> > #define __FLT_HAS_QUIET_NAN__ 0

> > #define __LDBL_HAS_DENORM__ 0

> > #define __LDBL_HAS_INFINITY__ 0

> > #define __LDBL_HAS_QUIET_NAN__ 0

> > $ 

> > 

> > which looks reasonable to me.  This seems straightforward to fix to me, so 

> > I'll include it along with verification I am about to schedule (assuming 

> > that this will be enough for libgfortran to actually build; obviously it 

> > hasn't been tried by anyone with such a setup for a while now, as these 

> > libgfortran checks date back to 2009).

> 

>  Well, it is still broken, owing to NetBSD failing to implement POSIX 2008 

> locale handling correctly, apparently deliberately[1], and missing 

> uselocale(3)[2] while still providing newlocale(3).  This confuses our 

> conditionals and consequently:

> 

> .../libgfortran/io/transfer.c: In function 'data_transfer_init_worker':

> .../libgfortran/io/transfer.c:3416:30: error:

> 'old_locale_lock' undeclared (first use in this function)

>  3416 |       __gthread_mutex_lock (&old_locale_lock);

>       |                              ^~~~~~~~~~~~~~~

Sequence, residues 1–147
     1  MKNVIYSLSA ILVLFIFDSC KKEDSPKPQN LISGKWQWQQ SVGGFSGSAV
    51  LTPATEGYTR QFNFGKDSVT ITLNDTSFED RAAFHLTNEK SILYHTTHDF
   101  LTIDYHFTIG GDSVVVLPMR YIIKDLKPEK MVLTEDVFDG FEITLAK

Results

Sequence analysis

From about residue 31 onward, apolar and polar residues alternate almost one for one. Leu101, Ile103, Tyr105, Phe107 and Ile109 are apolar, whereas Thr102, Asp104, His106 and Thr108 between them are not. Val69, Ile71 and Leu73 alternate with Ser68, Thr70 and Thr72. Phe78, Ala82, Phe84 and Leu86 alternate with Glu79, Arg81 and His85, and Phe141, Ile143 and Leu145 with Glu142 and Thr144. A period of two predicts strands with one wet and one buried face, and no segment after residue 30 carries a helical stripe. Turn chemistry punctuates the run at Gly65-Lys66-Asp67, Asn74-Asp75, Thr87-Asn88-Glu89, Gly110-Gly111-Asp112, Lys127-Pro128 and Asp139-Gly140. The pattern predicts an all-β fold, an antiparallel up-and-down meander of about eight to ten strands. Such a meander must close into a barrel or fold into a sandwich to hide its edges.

> 

> etc.

> 

>  We can probably work it around by downgrading to setlocale(3) for NetBSD 

> (i.e. whenever either function is missing) unless someone from the NetBSD 

> community contributes a better implementation (they seem to prefer their 

> own non-standard printf_l(3) library API).


Hi Maciej,

I've been building successfully with setting:
export ac_cv_func_freelocale=no
export ac_cv_func_newlocale=no
export ac_cv_func_uselocale=no

I think the code to avoid these functions already exists, but just the
configure tests need tuning.

Also, this is amazing work!
Jonathan Wakely via Gcc-patches Nov. 26, 2020, 2:46 p.m. | #17
On Wed, Nov 25, 2020 at 10:36 AM Maciej W. Rozycki <macro@linux-mips.org> wrote:
>

> On Fri, 20 Nov 2020, Maciej W. Rozycki wrote:

>

> >  These changes have been regression-tested throughout development with the

> > `vax-netbsdelf' target running NetBSD 9.0, using said VAXstation 4000/60,

> > which uses the Mariah implemementation of the VAX architecture.  The host

> > used was `powerpc64le-linux-gnu' and occasionally `x86_64-linux-gnu' as

> > well; changes outside the VAX backend were all natively bootstrapped and

> > regression-tested with both these hosts.

>

>  I forgot to note that I have been going through this final verification

> with the native compiler and the `vax-netbsdelf' cross-compiler built with

> it both configured with `--disable-werror'.  This is due to a recent

> regression with the Go frontend causing a build error otherwise:

>

> .../gcc/go/gofrontend/go-diagnostics.cc: In function 'std::string expand_message(const char*, va_list)':

> .../gcc/go/gofrontend/go-diagnostics.cc:110:61: error: '<anonymous>' may be used uninitialized [-Werror=maybe-uninitialized]